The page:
Visualization and Theories of Learning in Education


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Presentation at the fall 2007 American Chemical Society meeting in Boston.

Published in: Technology, Education
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Visualization and Theories of Learning in Education

  1. 1. (and use) Design of computer-based visualization and animation: What theories of learning apply? <ul><li>Liz Dorland </li></ul><ul><li>Washington University in St. Louis </li></ul><ul><li>[email_address] </li></ul>
  2. 2. Multiple Representations What do students see? Google Images: “DNA”
  3. 3. Representational Competency & Visual Literacy <ul><li>“ Modular mental structures for non-traditional hyperliving.” </li></ul>
  4. 4. Newer Developments in Educational Theory <ul><li>“ Contextual Turn” in ed/ed psych research </li></ul><ul><li>The Learning Sciences - trans-disciplinary </li></ul><ul><li>Design-based research - defining context </li></ul><ul><li>Situated Cognition </li></ul><ul><li>Transformative Learning </li></ul><ul><li>Computer-Supported Collaborative Work </li></ul>New models of and for learning…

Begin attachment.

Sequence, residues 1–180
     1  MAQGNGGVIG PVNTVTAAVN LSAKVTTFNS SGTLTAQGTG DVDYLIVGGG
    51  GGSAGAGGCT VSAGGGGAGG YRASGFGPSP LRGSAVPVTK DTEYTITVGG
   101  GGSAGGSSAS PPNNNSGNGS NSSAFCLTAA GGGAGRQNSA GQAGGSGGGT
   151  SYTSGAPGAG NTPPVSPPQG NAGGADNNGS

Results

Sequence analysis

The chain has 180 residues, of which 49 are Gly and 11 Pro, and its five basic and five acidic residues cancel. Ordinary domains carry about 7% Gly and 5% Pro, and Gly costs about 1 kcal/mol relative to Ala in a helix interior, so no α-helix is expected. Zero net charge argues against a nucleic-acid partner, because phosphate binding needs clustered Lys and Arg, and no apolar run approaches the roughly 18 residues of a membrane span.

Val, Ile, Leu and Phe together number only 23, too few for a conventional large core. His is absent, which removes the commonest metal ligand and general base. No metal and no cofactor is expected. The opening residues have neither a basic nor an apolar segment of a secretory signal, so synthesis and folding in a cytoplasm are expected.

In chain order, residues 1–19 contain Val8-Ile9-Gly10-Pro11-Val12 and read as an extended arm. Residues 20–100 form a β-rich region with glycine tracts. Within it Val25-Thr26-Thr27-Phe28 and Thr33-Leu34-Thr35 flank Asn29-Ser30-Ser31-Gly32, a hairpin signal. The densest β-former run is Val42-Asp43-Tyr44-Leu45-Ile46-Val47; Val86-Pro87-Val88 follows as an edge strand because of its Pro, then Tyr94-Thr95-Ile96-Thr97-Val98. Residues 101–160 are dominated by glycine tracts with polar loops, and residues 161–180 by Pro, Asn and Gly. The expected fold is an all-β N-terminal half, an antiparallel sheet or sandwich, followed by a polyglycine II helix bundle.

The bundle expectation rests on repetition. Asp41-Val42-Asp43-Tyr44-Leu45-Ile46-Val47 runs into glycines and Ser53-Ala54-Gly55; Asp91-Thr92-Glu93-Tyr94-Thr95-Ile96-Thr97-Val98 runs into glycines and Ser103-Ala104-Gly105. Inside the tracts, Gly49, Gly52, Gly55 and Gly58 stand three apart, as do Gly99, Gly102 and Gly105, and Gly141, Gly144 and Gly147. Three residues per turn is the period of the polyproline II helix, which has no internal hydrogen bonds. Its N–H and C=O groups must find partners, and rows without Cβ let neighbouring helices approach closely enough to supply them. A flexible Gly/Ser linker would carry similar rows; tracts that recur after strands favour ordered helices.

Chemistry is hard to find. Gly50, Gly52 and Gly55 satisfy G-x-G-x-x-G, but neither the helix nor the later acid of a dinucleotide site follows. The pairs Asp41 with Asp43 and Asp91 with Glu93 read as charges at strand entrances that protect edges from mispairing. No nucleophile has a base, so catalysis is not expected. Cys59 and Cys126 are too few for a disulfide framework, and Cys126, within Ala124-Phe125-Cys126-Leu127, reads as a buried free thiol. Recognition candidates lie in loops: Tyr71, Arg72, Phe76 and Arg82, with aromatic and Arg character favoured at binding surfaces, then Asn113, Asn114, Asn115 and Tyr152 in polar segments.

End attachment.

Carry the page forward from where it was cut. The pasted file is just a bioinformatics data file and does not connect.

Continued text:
5. 5. Kolodner, J. L., C. E. Hmelo, et al. (1996) “Problem-Based Learning Meets Case-Based Reasoning” Journal of the Learning Sciences, Vol. 12, No. 4: pages 495-547. Short version: <ul><li>“ The modern education community agrees that deep and effective learning is best promoted by situating learning in authentic activity.” </li></ul><ul><li>“ Many in the education community have put in place constructivist classroom practices…” </li></ul><ul><ul><li>* Do you agree? </li></ul></ul>
  6. 6. Learning Paradigms (oversimplified) Behaviorist (e.g. Skinner) vs Cognitivist vs Constructivist
  7. 7. Three Paradigms? Multiple theories? How many? Which one is right?
  8. 8. TIP: 50+ Theories of Learning <ul><li>ACT (Anderson) </li></ul><ul><li>Adult Learning Theory (Cross) </li></ul><ul><li>Algo-Heuristic Theory (Landa) </li></ul><ul><li>Andragogy (Knowles) </li></ul><ul><li>Anchored Instruction </li></ul><ul><li>(Bransford-CTGV) </li></ul><ul><li>Aptitude-Treatment Interaction (Cronbach & Snow) </li></ul><ul><li>Attribution Theory (Weiner) </li></ul><ul><li>Cognitive Dissonance (Festinger) </li></ul><ul><li>Cognitive Flexibility (Spiro) </li></ul><ul><li>Cognitive Load Theory (Sweller) </li></ul><ul><li>Component Display (Merrill) </li></ul><ul><li>Conditions of Learning (Gagne) </li></ul><ul><li>Connectionism (Thorndike) </li></ul><ul><li>Constructivist Theory (Bruner) </li></ul><ul><li>Contiguity Theory (Guthrie) </li></ul><ul><li>Conversation Theory (Pask) </li></ul><ul><li>Criterion Referenced Instruction (Mager) </li></ul><ul><li>Double Loop Learning (Argyris) </li></ul><ul><li>Drive Reduction Theory (Hull) </li></ul><ul><li>Dual Coding Theory (Paivio) </li></ul><ul><li>Elaboration Theory (Reigeluth) </li></ul><ul><li>Experiential Learning (Rogers) </li></ul><ul><li>Functional Context (Sticht) </li></ul><ul><li>Genetic Epistemology (Piaget) </li></ul><ul><li>Gestalt Theory (Wertheimer) </li></ul><ul><li>GOMS (Card, Moran & Newell) </li></ul><ul><li>GPS (Newell & Simon) </li></ul>